God alone knows how many toasts follow, inevitably pronounced with deceptively kindly clear ultra-premium, 50% plus ABV grain distillate, Baijiu. All around, people empty their lungs and command that I knock back shot after shot after shot after shot. When think I can get away with it, I carefully, surreptitiously re-fill my glass from a hidden below the tablecloth water bottle instead of snuff the potent smear. My unaccustomed palate is unrefined in the appreciation of what smells like crazily overripe durian fruit mingled with grappa and fermented pupae. But volumes of it still cling to my every artery, and torture me over the following 24 hours. Head - is - a - mercury - balloon.

Meanwhile, camera flashes occur in my eye line. I have been photographed constantly in China – too many people are taking pleasure in taking a timeline of my ever increasing fatness in eating their country! I wonder what King Henry, whose waist measured 54 inches at its maximum, would have made of China’s delicacies? Aside from oddly ruddy-centred braised swan, would the haute hot pot of crab like terrapin or squid like bull’s penis have stirred his interest as much as they stirred mine? But such speculation is curtailed when one of countless uncles grabs me and threatens me to cherish his special girl, or he will pack a sword and track me down in London...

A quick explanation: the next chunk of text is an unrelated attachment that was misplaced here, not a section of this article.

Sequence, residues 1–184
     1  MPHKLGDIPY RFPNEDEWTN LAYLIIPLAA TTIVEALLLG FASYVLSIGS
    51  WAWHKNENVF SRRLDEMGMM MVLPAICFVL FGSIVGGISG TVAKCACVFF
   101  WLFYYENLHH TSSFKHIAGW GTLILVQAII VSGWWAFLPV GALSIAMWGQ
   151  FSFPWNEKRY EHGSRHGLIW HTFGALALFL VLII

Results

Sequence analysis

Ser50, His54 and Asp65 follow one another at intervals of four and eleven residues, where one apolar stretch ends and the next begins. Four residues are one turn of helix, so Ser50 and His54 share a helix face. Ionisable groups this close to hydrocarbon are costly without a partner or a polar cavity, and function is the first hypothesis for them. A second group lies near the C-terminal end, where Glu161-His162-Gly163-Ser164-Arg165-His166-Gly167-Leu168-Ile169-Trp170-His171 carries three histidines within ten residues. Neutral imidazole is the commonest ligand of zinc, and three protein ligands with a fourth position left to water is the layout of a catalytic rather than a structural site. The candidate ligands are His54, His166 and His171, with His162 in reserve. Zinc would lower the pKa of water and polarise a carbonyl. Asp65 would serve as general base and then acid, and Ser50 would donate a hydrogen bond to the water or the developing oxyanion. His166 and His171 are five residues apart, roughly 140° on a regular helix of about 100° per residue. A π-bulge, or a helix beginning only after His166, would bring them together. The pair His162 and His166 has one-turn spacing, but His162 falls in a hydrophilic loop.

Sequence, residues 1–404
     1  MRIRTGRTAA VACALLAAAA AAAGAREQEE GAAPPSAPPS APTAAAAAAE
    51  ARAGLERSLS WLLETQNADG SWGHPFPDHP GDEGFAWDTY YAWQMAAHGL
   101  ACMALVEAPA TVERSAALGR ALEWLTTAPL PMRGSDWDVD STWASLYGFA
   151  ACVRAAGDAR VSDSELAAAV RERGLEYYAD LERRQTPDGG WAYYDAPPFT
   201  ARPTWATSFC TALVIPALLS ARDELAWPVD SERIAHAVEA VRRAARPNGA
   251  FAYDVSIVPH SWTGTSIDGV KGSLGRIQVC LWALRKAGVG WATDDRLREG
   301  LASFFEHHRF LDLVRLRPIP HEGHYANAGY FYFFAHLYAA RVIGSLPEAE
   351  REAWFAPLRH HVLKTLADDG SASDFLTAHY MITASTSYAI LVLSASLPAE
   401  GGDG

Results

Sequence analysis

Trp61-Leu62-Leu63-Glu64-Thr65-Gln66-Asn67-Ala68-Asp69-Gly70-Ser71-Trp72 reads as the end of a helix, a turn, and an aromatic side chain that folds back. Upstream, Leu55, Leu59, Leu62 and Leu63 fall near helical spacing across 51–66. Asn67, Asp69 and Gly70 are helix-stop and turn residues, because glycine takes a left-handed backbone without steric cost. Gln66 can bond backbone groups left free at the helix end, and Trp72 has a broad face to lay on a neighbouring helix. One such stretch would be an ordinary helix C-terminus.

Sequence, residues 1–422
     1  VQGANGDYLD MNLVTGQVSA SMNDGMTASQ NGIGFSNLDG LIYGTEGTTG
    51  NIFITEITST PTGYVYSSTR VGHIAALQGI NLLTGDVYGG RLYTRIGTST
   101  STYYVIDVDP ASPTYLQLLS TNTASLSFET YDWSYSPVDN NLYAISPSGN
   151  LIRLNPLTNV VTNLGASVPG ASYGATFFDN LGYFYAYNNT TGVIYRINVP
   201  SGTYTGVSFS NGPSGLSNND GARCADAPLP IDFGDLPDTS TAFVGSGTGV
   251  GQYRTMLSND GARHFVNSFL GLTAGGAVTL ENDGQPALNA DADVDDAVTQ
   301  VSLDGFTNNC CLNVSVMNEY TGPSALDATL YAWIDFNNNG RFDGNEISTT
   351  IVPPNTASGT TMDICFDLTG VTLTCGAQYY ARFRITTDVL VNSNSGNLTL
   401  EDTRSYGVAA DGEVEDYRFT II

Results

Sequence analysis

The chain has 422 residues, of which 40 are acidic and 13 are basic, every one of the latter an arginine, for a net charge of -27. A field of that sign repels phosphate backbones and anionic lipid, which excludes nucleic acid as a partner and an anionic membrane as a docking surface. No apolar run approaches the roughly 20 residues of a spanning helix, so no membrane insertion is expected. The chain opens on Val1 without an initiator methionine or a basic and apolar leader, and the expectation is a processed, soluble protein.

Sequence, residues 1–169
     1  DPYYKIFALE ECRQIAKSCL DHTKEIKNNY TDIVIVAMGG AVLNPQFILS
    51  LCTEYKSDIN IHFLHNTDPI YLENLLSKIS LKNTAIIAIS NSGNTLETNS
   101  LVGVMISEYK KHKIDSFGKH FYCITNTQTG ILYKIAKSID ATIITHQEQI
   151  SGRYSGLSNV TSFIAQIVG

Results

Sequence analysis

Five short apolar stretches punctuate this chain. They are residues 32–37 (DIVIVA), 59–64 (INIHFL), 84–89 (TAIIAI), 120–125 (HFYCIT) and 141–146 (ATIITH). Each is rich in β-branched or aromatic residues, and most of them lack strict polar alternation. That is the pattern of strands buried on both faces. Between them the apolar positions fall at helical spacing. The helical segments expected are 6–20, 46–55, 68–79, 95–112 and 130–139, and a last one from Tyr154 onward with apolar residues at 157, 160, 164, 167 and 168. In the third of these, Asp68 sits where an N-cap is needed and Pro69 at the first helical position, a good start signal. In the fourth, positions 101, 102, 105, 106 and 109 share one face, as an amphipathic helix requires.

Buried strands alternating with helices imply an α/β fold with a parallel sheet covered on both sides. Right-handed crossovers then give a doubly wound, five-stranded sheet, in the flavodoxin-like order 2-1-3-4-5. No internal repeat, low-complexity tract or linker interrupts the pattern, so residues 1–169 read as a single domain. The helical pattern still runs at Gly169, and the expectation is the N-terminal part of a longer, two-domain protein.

Sunflowers hastily hang on the wall and plastic flowers form the table’s centrepiece. I am told off for toasting too high up. There are lessons, in this Face-first culture, on how to get drunk. Instead, the young and unimportant must always attempt to clash their glass lower than the toaster with the mostest.

When my eyes are moist with inner heat, we depart, like birds collectively fleeing from a wire. Around the corner, an arrestingly sheer, balletic, thank God, in tune musical fountain proves a soothing spectacle. An ablution of sorts to my homesick, booze-addled brain and sore throat...